Variables Spinal bone mineral density measurement

males and females normal (n, %) Osteopenia

(n, %)

Osteoporosis (n, %)

Age (years-old,

mean±Sd*) 55.75±7.108 60.09±8.679 66.60±6.103

bmi** (kg/m2, mean±Sd) 27.035±3.0760 25.620±3.1641 26.935±3.2570

Gender

Male 27 (46.6) 22 (37.9) 9 (15.5) Female 28 (31.8) 34 (38.6) 26 (29.5)

Occupation

Self-employment 31 (47.7) 24 (36.9) 10 (15.4) Homemaker 22 (29.3) 29 (38.7) 24 (32) Employee 2 (33.3) 3 (50) 1 (16.7)

residence

Rural 15 (28.8) 22 (42.3) 15 (28.8) Urban 40 (42.6) 34 (36.2) 20 (21.3)

Smoking

No 26 (31.7) 33 (40.2) 23 (28)

Yes 29 (45.3) 23 (36.9) 12 (18.8)

Alcohol

No 53 (37.6) 54 (38.3) 34 (24.1)

Yes 2 (40) 2 (40) 1 (20)

Opioids

No 44 (35.8) 50 (40.7) 29 (23.6) Yes 11 (47.8) 6 (26.1) 6 (26.1)

Variables Femoral bone mineral density measurement

males and females normal (n, %) Osteopenia (n, %) Osteoporosis (n, %)

Age (years-old,

mean±Sd*) 55.60±6.823 60.07±8.813 66.42±6.281

bmi** (kg/m2, mean±Sd) 27.117±3.0352 25.606±3.2145 26.923±3.2395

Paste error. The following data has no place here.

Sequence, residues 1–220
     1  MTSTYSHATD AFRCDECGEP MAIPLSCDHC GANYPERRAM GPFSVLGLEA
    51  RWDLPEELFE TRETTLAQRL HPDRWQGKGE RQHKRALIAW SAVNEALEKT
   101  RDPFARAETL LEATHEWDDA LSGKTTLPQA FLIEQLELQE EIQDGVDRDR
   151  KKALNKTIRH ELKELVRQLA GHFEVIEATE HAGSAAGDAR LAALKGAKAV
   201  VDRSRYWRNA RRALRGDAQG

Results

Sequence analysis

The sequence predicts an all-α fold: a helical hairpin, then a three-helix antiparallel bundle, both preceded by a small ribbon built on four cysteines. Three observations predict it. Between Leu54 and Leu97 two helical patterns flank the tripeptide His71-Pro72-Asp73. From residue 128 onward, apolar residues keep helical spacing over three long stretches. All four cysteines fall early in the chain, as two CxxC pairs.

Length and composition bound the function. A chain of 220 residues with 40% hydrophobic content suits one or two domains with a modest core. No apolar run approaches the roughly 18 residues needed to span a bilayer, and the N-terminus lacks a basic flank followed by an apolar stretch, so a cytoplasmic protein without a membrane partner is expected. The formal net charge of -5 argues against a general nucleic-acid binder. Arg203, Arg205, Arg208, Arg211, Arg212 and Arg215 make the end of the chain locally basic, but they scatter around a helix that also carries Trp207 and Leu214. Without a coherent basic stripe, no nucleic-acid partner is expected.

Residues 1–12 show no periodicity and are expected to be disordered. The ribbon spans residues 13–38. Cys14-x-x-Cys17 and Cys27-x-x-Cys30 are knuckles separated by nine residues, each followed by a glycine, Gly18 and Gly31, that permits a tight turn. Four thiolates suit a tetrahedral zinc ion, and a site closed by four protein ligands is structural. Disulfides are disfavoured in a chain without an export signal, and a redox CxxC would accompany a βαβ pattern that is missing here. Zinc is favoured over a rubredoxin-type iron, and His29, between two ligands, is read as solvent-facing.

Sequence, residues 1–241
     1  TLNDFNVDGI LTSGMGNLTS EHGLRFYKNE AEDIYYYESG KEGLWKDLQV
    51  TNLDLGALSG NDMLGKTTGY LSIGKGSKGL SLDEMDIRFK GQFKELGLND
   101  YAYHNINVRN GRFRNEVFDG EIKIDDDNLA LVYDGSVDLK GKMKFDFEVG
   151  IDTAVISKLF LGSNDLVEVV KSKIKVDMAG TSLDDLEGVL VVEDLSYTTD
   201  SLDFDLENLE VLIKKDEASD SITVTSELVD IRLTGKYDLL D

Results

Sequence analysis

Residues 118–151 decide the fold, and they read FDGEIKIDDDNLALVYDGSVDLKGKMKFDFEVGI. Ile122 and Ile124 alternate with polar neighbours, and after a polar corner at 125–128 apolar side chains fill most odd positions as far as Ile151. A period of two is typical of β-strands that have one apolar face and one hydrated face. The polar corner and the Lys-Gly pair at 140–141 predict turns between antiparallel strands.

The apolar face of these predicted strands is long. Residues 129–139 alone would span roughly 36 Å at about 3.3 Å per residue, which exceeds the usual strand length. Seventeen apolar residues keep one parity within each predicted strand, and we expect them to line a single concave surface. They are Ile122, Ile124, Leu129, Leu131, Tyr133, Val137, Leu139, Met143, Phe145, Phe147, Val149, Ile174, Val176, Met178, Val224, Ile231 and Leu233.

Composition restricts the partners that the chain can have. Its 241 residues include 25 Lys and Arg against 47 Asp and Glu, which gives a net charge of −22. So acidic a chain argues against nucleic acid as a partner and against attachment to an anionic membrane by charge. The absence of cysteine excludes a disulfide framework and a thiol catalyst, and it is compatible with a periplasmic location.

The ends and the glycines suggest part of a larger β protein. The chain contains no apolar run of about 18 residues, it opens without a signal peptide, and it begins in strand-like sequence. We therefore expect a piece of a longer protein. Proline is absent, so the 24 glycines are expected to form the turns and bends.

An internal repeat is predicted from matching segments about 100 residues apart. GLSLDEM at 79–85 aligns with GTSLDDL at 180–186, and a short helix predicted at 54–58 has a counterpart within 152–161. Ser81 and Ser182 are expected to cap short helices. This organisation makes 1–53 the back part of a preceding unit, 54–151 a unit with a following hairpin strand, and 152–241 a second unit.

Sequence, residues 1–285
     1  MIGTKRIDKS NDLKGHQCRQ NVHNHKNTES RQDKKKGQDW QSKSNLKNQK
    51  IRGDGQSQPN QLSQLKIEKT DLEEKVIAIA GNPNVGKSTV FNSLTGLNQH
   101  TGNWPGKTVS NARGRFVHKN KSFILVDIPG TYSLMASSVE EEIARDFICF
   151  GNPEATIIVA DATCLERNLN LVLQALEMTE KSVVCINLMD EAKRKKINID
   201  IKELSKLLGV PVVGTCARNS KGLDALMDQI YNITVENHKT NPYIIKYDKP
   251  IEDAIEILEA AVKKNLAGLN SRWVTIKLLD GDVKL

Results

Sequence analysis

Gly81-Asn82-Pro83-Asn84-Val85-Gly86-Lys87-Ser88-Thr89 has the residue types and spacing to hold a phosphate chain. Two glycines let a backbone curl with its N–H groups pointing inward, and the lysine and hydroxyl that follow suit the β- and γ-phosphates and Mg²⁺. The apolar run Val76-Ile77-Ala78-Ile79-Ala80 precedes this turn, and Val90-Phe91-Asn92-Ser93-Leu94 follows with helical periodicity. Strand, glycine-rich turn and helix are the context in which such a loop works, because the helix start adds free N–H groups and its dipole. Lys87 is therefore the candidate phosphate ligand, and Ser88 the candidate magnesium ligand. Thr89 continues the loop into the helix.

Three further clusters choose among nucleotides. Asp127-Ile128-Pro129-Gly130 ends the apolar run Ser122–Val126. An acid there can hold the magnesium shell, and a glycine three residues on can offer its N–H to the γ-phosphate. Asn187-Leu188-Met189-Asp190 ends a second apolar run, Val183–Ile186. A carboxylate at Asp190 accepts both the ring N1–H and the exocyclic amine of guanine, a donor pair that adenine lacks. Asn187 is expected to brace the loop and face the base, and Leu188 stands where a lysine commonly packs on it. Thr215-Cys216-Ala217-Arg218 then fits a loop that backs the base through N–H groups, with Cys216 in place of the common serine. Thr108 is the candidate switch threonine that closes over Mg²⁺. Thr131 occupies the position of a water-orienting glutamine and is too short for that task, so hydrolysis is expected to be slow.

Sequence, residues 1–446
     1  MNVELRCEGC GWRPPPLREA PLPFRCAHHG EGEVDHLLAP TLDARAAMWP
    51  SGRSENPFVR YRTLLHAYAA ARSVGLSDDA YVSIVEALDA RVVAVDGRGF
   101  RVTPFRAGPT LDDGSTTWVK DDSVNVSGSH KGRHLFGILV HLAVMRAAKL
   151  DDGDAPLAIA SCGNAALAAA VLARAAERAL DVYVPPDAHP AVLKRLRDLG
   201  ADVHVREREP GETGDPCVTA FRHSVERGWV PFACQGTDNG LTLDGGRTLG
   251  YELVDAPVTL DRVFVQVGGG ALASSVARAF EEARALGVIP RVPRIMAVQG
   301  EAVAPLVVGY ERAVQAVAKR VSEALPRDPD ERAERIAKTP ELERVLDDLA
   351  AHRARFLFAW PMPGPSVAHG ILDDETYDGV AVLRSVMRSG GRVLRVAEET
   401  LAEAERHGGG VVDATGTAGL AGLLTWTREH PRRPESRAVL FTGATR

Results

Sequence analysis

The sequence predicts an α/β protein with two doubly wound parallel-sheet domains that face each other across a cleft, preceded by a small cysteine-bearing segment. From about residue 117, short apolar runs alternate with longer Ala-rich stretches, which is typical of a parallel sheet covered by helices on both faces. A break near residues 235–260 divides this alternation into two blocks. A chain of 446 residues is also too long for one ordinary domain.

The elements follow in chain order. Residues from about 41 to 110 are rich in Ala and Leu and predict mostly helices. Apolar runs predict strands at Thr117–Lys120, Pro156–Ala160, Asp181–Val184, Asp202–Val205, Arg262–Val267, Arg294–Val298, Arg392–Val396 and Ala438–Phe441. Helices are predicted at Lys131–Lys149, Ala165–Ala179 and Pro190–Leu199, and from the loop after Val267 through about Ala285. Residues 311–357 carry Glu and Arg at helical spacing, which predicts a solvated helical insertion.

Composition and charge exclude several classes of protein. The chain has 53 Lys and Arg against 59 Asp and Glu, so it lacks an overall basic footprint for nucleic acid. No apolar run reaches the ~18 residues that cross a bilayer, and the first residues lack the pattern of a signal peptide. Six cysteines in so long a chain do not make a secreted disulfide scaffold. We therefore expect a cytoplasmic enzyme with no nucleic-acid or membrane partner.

Gender

Male 28 (48.3) 20 (34.5) 10 (17.2) Female 25 (28.4) 37 (42) 26 (29.6)

Occupation

Self-employment 32 (49.2) 22 (33.8) 11 (16.9) Homemaker 19 (25.3) 32 (42.7) 24 (32) Employee 2 (33.3) 3 (50) 1 (16.7)

residence

Rural 16 (30.8) 19 (36.5) 17 (32.7)

Urban 37 (39.4) 38 (40.4) 19 (20.2)

Smoking

No 27 (32.9) 32 (39) 23 (28)

Yes 26 (40.6) 25 (39.1) 13 (20.3)

Alcohol

No 51 (36.2) 56 (39.7) 34 (24.1)

Yes 2 (40) 1 (20) 2 (40)

Opioids

No 44 (35.8) 48 (39) 31 (25.2)

Yes 9 (39.1) 9 (39.1) 5 (21.7)

Anticonvulsants

No 46 (40) 44 (38.3) 25 (21.7)

Yes 7 (22.6) 13 (41.9) 11 (35.5)

Only females

menopause

No 7 (26.9) 11 (42.3) 8 (30.8)

Yes 18 (29) 26 (42) 18 (29)

Pregnancy

No 6 (31.6) 9 (47.4) 4 (21.1)

Yes 19 (27.5) 28 (40.6) 22 (31.9)

Oophorectomy

No 20 (29) 27 (39.1) 22 (31.9)

Yes 5 (26.3) 10 (52.6) 4 (21.1)

[Table/Fig-2]: Distribution of low bone mineral density based on femur densitometry by patients’ characteristics.

*Standard deviation; **Body mass index Anticonvulsants

No 48 (41.7) 42(36.5) 26(21.7) Yes 7 (23.3) 14 (46.7) 9 (30)

Only females

menopause

No 12 (46.2) 9 (34.6) 5 (19.2) Yes 16 (25.8) 25 (40.3) 21 (33.9)

Pregnancy

No 5 (26.3) 10 (52.6) 4 (21.1)

Yes 23 (33.3) 24 (34.8) 22 (31.9)

Oophorectomy

No 23 (33.3) 25 (36.2) 21 (30.5)

Yes 5 (26.3) 9 (47.4) 5 (26.3)

[Table/Fig-1]: Distribution of low bone mineral density based on spine densitometry by patients’ characteristics.

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Variables Associated with Low Bone Density by